1. Given there are competing explanations for its end - (1) realist/ materialist explanations or (2) other approaches favoring ideas, the soviet actors pushing "new thinking" (ideational) (3) Coalition-politics approaches, empathising the role of soviet sectors like the military or intelligentsia and (4) Cognitive psychological approaches focused on lesson learning by important actors (in the military, Gorbachev himself) - what happens when we begin or end our research with different start and end points?
2. This was a methods paper, and the heart of the question related to showing that process tracing is probably the most powerful method for resolving theoretical disputes, regardless of precisely when one dates the "dependent variable."
3. Illustrate the method
Week 7 Variables
• DV - What caused the end of the cold war?
• IVs - the economy, institutions (eg. soviet military) ideas, learning, key actors (eg. Gorbachev and Reagan), personality traits
Week 7 Data and Methods
• Method: Qualitative: Process Tracing: Process tracing is a tool of qualitative analysis. It is an approach to causal inferences, which examines individual cases using qualitative evidence- or causal process observations- to assess various explanations for an outcome. It is useful in determining whether or not the results are consistent with the theory.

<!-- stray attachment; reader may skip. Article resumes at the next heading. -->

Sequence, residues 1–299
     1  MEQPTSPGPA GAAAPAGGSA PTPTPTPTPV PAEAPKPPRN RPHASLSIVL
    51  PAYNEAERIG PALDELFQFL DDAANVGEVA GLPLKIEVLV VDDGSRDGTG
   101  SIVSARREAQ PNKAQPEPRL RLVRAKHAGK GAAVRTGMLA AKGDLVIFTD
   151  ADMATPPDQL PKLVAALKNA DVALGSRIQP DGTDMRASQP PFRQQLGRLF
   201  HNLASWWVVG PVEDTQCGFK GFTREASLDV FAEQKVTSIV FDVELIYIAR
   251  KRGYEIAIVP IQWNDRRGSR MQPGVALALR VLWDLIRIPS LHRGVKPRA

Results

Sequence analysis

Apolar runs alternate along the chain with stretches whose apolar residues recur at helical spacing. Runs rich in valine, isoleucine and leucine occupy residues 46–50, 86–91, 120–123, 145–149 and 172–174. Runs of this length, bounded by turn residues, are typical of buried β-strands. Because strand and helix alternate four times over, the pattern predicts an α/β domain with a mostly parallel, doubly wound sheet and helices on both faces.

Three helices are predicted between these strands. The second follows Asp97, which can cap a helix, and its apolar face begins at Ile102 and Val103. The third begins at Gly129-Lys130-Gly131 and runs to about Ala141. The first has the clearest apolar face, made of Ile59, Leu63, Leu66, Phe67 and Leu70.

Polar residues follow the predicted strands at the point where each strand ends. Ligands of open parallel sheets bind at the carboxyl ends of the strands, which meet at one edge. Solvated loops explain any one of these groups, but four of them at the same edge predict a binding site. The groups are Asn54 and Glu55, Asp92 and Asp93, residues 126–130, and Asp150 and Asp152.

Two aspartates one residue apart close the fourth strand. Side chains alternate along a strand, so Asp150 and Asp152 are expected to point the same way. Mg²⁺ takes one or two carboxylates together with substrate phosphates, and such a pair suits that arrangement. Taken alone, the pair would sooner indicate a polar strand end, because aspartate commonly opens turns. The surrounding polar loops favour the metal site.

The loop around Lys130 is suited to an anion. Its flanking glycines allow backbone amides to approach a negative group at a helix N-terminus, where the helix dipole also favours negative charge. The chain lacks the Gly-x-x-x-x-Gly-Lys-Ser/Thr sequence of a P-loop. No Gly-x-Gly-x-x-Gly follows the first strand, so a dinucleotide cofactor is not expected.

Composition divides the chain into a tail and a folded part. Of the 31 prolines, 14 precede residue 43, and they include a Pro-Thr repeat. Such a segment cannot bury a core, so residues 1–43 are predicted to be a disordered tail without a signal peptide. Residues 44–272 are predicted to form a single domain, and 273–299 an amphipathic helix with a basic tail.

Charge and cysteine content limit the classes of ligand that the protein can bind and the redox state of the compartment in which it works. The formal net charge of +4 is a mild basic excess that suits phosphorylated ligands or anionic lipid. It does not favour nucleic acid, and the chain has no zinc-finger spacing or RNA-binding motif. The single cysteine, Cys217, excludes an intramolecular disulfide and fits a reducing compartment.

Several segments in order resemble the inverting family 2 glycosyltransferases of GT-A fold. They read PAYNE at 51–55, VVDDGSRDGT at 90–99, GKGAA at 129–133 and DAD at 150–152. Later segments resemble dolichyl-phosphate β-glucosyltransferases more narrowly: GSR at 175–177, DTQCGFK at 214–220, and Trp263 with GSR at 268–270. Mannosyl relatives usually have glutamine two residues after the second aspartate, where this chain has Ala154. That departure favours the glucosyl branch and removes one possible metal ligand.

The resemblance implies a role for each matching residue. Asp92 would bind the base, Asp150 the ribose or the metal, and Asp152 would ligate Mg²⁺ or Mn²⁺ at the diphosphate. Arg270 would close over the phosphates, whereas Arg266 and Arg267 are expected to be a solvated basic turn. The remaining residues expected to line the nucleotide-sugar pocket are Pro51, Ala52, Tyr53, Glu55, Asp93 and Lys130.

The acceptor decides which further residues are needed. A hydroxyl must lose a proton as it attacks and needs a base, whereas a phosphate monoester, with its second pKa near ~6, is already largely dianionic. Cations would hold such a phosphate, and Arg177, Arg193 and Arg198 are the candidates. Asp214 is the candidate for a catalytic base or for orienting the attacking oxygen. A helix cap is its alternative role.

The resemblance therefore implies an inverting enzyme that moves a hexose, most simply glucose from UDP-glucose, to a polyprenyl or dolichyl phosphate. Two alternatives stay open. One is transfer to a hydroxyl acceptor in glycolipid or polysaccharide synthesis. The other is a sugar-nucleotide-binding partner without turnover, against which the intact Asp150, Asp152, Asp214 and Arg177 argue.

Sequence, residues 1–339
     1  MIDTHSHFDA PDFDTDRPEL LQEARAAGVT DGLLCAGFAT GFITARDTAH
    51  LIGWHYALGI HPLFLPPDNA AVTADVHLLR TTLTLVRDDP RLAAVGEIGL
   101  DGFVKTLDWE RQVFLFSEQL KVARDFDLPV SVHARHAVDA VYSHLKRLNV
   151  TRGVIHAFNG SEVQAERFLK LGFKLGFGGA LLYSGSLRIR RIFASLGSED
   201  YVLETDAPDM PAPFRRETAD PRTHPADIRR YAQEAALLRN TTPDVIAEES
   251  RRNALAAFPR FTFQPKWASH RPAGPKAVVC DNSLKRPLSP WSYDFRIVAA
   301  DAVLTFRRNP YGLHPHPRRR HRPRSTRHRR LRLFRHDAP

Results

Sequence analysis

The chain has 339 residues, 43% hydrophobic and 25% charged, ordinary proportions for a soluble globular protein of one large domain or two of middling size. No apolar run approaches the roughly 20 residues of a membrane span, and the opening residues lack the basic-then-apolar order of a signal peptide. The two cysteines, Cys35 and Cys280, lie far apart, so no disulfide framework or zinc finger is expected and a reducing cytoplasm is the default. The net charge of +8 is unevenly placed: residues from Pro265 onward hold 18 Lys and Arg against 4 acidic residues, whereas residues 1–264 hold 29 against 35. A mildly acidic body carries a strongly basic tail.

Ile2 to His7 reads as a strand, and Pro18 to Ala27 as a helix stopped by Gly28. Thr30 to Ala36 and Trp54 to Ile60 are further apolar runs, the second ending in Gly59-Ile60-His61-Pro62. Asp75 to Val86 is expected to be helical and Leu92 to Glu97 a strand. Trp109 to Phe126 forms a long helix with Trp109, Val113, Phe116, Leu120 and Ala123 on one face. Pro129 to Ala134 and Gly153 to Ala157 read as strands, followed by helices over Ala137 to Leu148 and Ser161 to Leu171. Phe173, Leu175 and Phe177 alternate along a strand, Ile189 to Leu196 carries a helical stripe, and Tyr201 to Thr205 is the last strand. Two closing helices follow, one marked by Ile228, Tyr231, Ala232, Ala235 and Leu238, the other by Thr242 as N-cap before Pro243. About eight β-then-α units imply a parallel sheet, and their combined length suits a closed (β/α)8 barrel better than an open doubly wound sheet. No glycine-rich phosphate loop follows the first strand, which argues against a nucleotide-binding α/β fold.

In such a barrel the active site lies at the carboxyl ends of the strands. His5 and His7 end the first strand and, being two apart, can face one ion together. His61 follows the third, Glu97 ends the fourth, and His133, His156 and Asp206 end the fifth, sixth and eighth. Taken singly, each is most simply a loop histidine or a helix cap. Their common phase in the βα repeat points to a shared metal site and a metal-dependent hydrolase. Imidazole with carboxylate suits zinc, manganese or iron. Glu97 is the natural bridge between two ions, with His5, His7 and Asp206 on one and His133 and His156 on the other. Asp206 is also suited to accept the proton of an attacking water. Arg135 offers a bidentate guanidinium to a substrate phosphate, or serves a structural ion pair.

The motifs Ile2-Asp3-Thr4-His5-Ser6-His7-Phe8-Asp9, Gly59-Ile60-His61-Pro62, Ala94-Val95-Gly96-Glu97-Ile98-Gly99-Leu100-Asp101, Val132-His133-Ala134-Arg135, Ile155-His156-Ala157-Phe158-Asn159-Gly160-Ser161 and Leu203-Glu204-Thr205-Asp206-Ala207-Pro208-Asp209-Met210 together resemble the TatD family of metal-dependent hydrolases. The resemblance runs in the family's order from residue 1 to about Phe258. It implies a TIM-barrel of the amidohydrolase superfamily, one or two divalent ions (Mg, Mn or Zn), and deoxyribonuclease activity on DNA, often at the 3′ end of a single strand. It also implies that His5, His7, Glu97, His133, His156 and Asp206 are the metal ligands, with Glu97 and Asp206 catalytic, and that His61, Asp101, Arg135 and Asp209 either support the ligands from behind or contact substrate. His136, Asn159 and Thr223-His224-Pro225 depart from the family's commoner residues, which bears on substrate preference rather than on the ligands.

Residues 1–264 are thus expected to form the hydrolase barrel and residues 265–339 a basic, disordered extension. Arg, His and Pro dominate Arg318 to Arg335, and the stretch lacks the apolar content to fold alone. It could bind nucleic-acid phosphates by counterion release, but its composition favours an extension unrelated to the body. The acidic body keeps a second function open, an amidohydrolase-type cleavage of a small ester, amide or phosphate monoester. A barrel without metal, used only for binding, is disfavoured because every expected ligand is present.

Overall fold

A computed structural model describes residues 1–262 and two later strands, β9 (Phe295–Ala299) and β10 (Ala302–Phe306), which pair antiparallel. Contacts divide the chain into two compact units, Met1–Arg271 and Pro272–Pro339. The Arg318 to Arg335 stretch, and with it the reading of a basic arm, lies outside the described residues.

• The data is primarily archival, but there are elements of interviews and secondary sources (the accounts of other historians)
Week 7 Argument, Findings, Implications
• Evangelista examined a key event in the end of the Cold War:
o Mikhail Gorbachev's 1988 declaration of "freedom of choice" for the states of Eastern Europe and the substantial unilateral reduction and restructuring of Soviet armed forces that made the declaration credible
o He found it yields no definitive answer to the competiting claims outlined above.
• Rather he argued: the cold war is not just one event (one data point); it's actually made up of multiple events that we can examine test rival theoreatical claims
• By, breaking down a big event like the cold war into smaller events, it reveals multiple, overlapping processes contributing to the end of the cold war
• When we investigate explanations, this means identifying their underlying mechanisms. This reveals (and does in this case) that several mechanisms can account for the same events - the problem of equifinality
• Finally: process tracing both backwards and forwards is a useful method for evaluating the competing theoretical explanations